“Good thanks, how are you? Is your fiancé here?”
“I’m good thanks and no Liam isn’t with me, we didn’t work out. We split up not long after we got back from Vegas.”
“Oh..” Ben looked down at his drink “I’m sorry, I don’t suppose I helped.”
“Not at all, please don’t think that. We weren’t right together. So how about you?”
“I’m single, still. Not had much time for a relationship I’m afraid, I’ve spent the last few years setting up my own online magazine.”
“That’s brilliant!” I touched his hand and gave him a beaming smile. “I’m so proud of you!”
“And I’m moving back to Leeds. I’ve had enough of London, it’s too busy and noisy and expensive and dirty,” he sighed “I could go on. I’m just renting to start with but now the magazine is established I’ll be house-hunting and making Leeds my home.”
“Oh Ben, I’m so pleased for you. I was really worried about you after I saw you in Vegas.”
“Thanks.” He looked downwards “So, what about you? Actually, hang-on let me get you a drink first, when’s your flight?”
“It was the 6.40pm to Leeds but it’s been delayed.”
“I’m on that one as well, right drinks.” He signalled to the bar tender. As he ordered our drinks, I watched his now lined but youthful face, his eyes sparkled as he laughed at something the bar tender said and the smile remained as he turned to look back at me, he sighed and his face softened.
We sat and talked and talked and caught up on forty-four years, we requested to move seats so we could sit together on the plane and we continued our conversation all the way back to Leeds.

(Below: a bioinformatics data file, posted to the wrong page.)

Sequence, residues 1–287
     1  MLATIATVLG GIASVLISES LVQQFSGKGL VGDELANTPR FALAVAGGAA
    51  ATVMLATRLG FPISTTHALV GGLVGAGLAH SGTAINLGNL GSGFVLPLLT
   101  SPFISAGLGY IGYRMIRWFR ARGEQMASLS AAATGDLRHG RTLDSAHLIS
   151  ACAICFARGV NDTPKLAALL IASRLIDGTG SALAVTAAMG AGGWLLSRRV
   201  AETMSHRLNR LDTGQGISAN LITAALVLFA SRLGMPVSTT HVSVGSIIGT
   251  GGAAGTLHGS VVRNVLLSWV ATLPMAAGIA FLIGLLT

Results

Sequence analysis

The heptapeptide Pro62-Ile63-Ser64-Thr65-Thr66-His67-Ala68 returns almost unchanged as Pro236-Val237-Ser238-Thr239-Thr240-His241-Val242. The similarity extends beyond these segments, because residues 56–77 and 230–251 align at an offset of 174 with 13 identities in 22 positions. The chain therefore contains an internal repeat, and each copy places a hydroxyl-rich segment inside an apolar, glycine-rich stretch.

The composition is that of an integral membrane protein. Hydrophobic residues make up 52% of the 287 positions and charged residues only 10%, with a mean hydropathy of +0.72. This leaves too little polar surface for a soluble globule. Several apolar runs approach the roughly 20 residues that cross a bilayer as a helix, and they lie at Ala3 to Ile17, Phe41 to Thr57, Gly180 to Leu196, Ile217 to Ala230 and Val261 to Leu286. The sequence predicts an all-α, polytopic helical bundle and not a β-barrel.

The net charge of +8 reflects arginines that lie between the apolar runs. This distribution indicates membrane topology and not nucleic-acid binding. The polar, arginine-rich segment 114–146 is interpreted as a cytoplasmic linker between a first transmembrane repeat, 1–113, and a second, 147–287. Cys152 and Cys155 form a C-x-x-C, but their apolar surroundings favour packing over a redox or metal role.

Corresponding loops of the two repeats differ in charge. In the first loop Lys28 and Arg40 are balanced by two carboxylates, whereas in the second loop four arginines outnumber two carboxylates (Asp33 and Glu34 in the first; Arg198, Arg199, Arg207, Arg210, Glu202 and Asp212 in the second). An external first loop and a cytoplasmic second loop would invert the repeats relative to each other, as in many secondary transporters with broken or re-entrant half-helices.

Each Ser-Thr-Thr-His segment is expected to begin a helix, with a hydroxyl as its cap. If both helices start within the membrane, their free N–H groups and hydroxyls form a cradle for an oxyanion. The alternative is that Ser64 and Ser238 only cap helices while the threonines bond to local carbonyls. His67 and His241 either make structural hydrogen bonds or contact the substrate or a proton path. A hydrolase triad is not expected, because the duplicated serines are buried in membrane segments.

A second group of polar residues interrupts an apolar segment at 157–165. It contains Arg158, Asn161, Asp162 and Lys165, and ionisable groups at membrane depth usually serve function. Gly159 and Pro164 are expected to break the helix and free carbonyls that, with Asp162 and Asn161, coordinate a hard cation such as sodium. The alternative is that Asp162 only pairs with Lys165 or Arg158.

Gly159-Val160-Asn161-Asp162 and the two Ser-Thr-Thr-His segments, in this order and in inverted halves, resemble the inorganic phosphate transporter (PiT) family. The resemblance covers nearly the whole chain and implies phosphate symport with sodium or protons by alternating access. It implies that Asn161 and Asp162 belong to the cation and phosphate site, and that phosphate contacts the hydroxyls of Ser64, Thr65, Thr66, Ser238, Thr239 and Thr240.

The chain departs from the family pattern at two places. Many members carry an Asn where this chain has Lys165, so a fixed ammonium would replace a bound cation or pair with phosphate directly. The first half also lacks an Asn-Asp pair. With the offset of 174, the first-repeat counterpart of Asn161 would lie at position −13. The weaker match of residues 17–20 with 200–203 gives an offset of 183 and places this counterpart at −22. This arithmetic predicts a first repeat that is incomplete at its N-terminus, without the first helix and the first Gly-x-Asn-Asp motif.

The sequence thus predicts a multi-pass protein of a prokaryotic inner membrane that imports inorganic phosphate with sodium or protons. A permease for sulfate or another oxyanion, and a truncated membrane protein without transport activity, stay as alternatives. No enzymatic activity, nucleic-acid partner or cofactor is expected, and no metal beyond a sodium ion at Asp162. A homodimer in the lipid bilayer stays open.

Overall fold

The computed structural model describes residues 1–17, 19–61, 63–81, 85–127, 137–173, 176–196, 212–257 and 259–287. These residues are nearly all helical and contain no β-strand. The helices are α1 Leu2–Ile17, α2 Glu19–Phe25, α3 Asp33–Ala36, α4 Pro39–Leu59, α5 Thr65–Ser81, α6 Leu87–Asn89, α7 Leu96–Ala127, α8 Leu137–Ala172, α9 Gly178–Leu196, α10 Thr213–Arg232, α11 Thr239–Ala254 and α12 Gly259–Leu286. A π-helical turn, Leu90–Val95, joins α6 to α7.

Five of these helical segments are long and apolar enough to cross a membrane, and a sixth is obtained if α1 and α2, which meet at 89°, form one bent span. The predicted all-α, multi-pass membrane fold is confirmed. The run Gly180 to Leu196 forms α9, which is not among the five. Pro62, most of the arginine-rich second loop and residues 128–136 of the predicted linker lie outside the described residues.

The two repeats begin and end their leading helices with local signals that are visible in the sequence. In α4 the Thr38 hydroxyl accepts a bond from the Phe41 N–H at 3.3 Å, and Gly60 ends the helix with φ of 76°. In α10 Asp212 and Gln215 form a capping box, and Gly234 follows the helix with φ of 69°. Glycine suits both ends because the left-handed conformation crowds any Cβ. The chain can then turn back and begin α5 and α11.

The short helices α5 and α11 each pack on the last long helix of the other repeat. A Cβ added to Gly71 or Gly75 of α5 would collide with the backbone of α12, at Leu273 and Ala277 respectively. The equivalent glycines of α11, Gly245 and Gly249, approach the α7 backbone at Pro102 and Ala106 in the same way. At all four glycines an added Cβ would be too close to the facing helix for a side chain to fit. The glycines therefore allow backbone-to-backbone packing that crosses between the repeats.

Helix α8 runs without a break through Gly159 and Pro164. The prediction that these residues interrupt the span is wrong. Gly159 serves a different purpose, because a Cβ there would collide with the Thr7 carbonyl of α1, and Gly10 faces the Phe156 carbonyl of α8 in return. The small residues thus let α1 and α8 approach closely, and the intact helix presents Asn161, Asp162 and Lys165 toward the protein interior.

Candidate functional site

Standing in the arrivals lounge we stopped to face each other.
“Well, hopefully we’ll see each other a bit more now I’m in Leeds, let’s not leave it another ten years eh?” Ben’s expression changed from happy to deadly serious. “Hope, I need to ask you a question.”
He was smiling and looking down at me now, he’d taken a step closer and his face was so close I could see a few freckles on his nose, he took my free hand and intertwined our fingers.
I laughed and replied, “Are you going to ask if you can kiss me again?”
“I won’t be so polite in future.” he shot back at me, smiling as he moved his face even closer to mine.
Then he kissed me, his lips were soft and felt so right, I dropped my bag on the floor and I heard a breathy moan leave my body as he pulled me closer to him. I start to respond frantically as I’m hit with the realisation I’ve never wanted anyone like I wanted Ben.
I abruptly stop and pull away, my hands intertwined with his silky dark hair and our faces remaining so close I can feel his breathe on my lips “Come home with me?” I hear myself say.
“I thought you’d never ask.” Ben replied and kissed my forehead.